This paper is a “Q&A interview” conducted by Joanne Pransky of Industrial Robot Journal as a method to impart the combined technological, business and personal experience of a prominent, robotic industry engineer-turned successful innovator and leader regarding the challenges of bringing technological discoveries to fruition. This paper aims to discuss these issues.

Design/methodology/approach

The interviewee is Dr Robin R. Murphy, Raytheon Professor of Computer Science and Engineering, Texas A&M University; Co-lead, Emergency Informatics EDGE Innovation Network Center, Texas A&M, Director of the Humanitarian Robotics and AI Laboratory and Vice President of the Center for Robot-Assisted Search and Rescue (CRASAR) http://crasar.org. In this interview, Dr Murphy provides answers to questions regarding her pioneering experiences in rescue robotics.

Findings

As a child, Dr Murphy knew she wanted to be a mechanical engineer and obtained her BME degree from Georgia Institute of Technology (Georgia Tech). While working in industry after her BME, she fell in love with computer science and received an MS and PhD in Computer Science at Georgia Tech where she was a Rockwell International Doctoral Fellow. In the mid-1990s, while teaching at the Colorado School of Mines, she pioneered rescue robots after one of her graduate students returned from the Oklahoma City bombing and suggested that small rescue robots should be developed for future disasters. The National Science Foundation awarded Murphy and her students the first grant for search-and-rescue robots. She has since assisted in responses at more than 20 worldwide disasters, including Hurricane Katrina, the Crandall Canyon Mine collapse, the Tohoku Tsunami and the Fukushima Daiichi nuclear accident.

Originality/value

The response to the World Trade Center attacks after September 11, 2001 by Dr Murphy’s team from the University of South Florida (the only academic institution), along with four other teams brought together by CRASAR, marked the first recorded use of a rescue robot at a disaster site. In addition to being a founder in the field of rescue robots, she is also a founder in the field of human–robot interaction and the Roboticists Without Borders. She has written over 100 publications and three books: the best-selling textbook, Introduction to AI Robotics, Disaster Robotics and Robotics-Through-Science-Fiction: Artificial Intelligence Explained Six Classic Robot Short Stories. Dr Murphy has received approximately 20 national awards and honors including: the AUVSI’s Al Aube Outstanding Contributor Award, the Eugene L. Lawler Award for Humanitarian Contributions within Computer Science and Informatics, CMU Field Robotics Institute “Pioneer in Field Robotics” and TIME Magazine, Innovators in Artificial Intelligence. She is an IEEE Fellow.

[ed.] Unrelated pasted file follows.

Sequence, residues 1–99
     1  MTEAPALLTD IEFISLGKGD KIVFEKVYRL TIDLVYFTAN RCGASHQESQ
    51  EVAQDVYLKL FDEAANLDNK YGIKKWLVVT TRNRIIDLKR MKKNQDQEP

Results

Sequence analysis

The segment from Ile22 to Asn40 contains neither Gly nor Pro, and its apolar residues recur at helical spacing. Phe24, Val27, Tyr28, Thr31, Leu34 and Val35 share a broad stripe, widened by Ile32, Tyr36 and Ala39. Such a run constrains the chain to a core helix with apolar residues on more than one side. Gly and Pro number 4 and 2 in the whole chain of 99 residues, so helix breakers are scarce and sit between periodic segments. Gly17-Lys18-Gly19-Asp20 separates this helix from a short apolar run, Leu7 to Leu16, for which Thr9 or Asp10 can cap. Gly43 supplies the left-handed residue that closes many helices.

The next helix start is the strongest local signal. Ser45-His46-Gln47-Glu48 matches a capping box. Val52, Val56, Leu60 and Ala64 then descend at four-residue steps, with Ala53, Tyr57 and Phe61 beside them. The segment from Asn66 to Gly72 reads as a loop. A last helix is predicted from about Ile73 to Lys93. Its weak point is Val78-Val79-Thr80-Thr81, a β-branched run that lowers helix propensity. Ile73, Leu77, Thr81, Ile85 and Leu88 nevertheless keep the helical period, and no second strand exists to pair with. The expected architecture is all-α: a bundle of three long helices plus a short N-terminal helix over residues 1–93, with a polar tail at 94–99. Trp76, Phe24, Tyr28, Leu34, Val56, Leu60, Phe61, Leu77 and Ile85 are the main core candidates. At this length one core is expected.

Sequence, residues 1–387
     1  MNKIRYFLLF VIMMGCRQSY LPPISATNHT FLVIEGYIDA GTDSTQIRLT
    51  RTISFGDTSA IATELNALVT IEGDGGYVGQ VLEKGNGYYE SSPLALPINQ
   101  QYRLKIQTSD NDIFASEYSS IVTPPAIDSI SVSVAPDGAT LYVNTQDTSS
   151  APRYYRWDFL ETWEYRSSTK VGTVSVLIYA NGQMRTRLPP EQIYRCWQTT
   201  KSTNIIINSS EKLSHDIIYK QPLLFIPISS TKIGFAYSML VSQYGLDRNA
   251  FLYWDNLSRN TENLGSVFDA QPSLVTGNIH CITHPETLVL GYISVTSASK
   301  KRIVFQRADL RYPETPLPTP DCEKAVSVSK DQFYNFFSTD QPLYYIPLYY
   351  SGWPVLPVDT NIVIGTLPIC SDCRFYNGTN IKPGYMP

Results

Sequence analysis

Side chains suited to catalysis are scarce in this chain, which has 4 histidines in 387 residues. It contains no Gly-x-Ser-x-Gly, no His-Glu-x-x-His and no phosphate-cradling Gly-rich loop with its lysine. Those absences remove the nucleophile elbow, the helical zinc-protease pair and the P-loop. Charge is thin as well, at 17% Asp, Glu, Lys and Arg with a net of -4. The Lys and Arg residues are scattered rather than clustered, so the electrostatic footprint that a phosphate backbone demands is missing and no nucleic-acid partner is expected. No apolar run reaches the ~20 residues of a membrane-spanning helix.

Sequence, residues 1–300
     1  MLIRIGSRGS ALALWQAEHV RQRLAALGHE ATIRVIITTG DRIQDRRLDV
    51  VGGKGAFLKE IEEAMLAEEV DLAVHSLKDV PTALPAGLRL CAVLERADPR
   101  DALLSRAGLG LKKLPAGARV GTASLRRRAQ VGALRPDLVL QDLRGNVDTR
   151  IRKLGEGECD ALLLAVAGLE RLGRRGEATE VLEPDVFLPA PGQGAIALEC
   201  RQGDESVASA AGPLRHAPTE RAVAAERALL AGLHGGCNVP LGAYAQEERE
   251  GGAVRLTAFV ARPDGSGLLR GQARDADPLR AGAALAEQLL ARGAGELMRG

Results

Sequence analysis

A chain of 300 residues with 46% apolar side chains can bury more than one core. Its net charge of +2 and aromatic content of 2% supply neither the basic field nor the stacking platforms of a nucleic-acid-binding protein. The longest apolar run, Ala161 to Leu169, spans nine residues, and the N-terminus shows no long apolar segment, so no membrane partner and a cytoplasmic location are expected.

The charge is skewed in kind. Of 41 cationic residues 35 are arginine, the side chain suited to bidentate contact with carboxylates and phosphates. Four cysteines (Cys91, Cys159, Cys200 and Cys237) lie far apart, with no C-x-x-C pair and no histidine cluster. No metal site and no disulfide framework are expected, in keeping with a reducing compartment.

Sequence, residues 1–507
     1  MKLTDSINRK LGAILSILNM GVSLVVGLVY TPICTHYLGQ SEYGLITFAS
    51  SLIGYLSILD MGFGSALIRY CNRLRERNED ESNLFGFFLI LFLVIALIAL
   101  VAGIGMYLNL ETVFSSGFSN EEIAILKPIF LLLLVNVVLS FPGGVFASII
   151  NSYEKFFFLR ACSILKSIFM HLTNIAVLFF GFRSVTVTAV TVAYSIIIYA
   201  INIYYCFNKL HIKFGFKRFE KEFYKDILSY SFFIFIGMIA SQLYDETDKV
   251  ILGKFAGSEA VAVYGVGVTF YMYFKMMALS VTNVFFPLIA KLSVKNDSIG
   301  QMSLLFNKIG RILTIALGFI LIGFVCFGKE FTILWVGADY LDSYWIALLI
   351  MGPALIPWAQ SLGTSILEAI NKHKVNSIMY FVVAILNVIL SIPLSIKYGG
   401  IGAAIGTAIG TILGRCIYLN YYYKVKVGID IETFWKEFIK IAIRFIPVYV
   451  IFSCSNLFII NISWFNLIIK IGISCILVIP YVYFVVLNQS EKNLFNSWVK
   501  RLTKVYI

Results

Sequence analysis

Details

Industrial Robot: An International Journal, vol. 45 no. 5
Type: Research Article
ISSN: 0143-991X

Keywords

To view the access options for this content please click here
Article

Joanne Pransky

The following article is a Q&A interview conducted by Joanne Pransky of Industrial Robot Journal as a method to impart the combined technological, business and personal…

Abstract

Purpose

The following article is a Q&A interview conducted by Joanne Pransky of Industrial Robot Journal as a method to impart the combined technological, business and personal experience of a prominent robotic industry engineer-turned successful innovator and leader regarding the challenges of bringing technological discoveries to fruition. The paper aims to discuss these issues.

Design/methodology/approach

The interviewee is Daniel Theobald, Co-Founder of Vecna Robotics. Vecna Robotics is a recognized global leader in next-generation robotics and automation solutions, with over 20 years of experience in developing cost-effective solutions in the fields of healthcare, education, business, government, material handling and beyond. In this interview, Theobald shares how his mission to empower humanity through transformative technologies led him to co-found and grow the profitable, privately funded Vecna to a 200-employee company that includes an extensive network of global partners and serves a worldwide customer base, without taking outside investment.